school assembly

I have just come back from a pleasant morning.  I went to the weekly primary school assembly.  It was so cute and reminded me a lot of morning meetings at the girls' old schools.  There were awards for caring, recognition of birthdays, and songs about making the world a better place, in addition to the school song and Fijian national anthem.   I plan to video tape it at some  point because it really is beautiful.  I absolutely love looking around and seeing such a multicultural crowd.   I am thrilled that my children have this experience.   I always wanted that for them in the states, but unfortunately schools seem to be so segregated in the states, or at least the ones that were available to us.    After the song about making the world a better place, the principal asked what ways can we fix the world.  A child volunteered that we should not pollute our world.   The principal elaborated by saying, yes, we should always place our rubbish in the rubbish bin.    I wonder if Andie and Zoe had any idea of what she was talking about.  They'll soon learn!  (Andie is already telling me that her teacher is "cross because all of the children act like they are on holiday").   The meeting definitely helped me feel more connected to the school and community.  (Side note- a mom sitting next to me pointed out the lice we could see crawling all over a blonde child's head two rows up.  Geesh.)  We also had a meeting at the school last night where we got to meet the teachers and then afterwards a Bula Vinaka (Welcome) party for the parents that included free alcohol!  That was the first time I've drank wine at an elementary school!
This is not the blonde with the lice by the way!  

After the meeting, I bought some extra school uniforms, ran errands with a friend, and then went running with a new Australian friend, Wendy.  Wendy is amazing!  She speaks fluent Fijian to her housekeeper and to her kids when she is able.   She takes private lessons.   I am inspired!  She also helps out at several local charities and visits patients at the  hospital regularly.  She said after a few months here of drinking coffee every day with friends she had to jump in and get more involved (on an unofficial level).  If I am not working as a school counselor (my dream job) helping kids, I need to be helping somewhere.  Wendy told me a lot about the way disabled children are treated here and the rampant abuse that occurs.   She told me the story of Suhit Kumar ( and all of the different ways I could help out organizations like these.  I feel very moved to be of help somehow as soon as I learn to drive the car (that we got yesterday!!!! YIPPPEEE!!!)  I am going to look into things.   I will start trying to drive this weekend as a start!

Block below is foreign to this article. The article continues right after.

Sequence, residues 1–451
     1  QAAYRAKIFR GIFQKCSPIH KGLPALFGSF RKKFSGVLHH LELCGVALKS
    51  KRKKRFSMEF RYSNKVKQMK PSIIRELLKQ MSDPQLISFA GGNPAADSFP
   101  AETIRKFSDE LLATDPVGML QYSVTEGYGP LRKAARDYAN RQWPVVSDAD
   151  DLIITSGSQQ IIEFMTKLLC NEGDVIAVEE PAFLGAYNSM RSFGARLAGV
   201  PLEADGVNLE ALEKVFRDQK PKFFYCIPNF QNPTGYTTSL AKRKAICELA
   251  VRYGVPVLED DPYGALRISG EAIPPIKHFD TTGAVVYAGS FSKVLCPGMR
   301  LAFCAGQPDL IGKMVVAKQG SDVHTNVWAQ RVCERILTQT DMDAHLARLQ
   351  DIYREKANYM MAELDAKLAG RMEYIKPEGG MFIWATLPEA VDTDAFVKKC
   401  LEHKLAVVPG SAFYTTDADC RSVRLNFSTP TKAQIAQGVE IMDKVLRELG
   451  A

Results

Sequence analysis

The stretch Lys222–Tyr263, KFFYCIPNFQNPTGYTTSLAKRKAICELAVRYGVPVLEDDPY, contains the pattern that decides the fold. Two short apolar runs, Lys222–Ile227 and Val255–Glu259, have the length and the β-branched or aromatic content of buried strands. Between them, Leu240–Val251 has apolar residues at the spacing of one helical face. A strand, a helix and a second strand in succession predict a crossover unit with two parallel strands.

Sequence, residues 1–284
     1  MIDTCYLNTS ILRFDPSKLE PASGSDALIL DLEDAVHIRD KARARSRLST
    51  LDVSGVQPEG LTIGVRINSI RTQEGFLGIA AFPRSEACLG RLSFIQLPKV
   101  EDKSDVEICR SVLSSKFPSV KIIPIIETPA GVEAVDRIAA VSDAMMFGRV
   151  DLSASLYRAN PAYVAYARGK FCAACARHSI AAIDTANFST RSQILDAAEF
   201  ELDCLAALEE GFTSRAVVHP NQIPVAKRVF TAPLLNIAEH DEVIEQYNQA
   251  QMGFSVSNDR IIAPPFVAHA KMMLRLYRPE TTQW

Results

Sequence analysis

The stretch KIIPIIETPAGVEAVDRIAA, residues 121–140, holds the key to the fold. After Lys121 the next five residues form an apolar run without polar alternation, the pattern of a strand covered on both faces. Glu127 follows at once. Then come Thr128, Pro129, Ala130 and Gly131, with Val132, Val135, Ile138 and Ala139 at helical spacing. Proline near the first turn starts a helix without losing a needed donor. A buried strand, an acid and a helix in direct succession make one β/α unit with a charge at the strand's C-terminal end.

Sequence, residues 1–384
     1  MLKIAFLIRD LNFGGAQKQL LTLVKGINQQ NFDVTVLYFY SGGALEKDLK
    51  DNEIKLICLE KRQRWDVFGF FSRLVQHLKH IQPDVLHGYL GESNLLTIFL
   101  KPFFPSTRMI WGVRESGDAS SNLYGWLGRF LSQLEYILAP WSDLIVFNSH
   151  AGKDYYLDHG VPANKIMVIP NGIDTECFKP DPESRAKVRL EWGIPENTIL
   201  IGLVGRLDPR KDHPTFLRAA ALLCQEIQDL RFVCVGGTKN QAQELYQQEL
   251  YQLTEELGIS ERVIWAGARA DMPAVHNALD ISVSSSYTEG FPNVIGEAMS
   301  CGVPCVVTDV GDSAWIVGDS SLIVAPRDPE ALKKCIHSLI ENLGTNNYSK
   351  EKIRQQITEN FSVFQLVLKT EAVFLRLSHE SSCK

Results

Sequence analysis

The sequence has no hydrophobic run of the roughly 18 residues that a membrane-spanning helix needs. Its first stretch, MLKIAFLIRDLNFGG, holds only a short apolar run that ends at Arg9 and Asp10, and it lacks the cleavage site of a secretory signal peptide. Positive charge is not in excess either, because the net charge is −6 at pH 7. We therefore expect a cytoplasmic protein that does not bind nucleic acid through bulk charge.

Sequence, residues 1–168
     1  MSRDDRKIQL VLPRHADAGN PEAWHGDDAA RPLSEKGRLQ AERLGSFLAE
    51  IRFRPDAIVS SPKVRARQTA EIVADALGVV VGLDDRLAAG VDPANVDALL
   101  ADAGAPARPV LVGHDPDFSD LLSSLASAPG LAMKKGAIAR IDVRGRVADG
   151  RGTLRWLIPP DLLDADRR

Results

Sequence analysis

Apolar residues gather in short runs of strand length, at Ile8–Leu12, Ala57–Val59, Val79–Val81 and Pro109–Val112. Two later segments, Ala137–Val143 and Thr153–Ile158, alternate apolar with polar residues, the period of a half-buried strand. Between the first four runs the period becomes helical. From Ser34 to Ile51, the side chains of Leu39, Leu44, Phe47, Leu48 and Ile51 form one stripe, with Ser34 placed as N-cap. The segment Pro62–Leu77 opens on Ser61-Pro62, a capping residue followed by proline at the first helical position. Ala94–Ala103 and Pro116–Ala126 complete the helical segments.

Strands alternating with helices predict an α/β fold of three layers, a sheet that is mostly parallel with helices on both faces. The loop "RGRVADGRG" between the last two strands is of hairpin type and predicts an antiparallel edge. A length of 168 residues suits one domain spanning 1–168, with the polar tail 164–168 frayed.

Tonight the Australian High Commission is celebrating Australian day.  We got on the guest list, so I am looking forward to a night of drinking, eating. listening to music, and swimming with the Aussies!  I reckon it will be quite fun! 


  1. This is so great, Kate! The school seems really sweet and I love the stories of who you are meeting. And the British/Aussie teminology... it's going to be your regular lexicon soon enough :) We've been back in the States (funny how once you live abroad you say States, not US), my kids STILL say cross, rubbish and lift! Give the girls hugs for us. x


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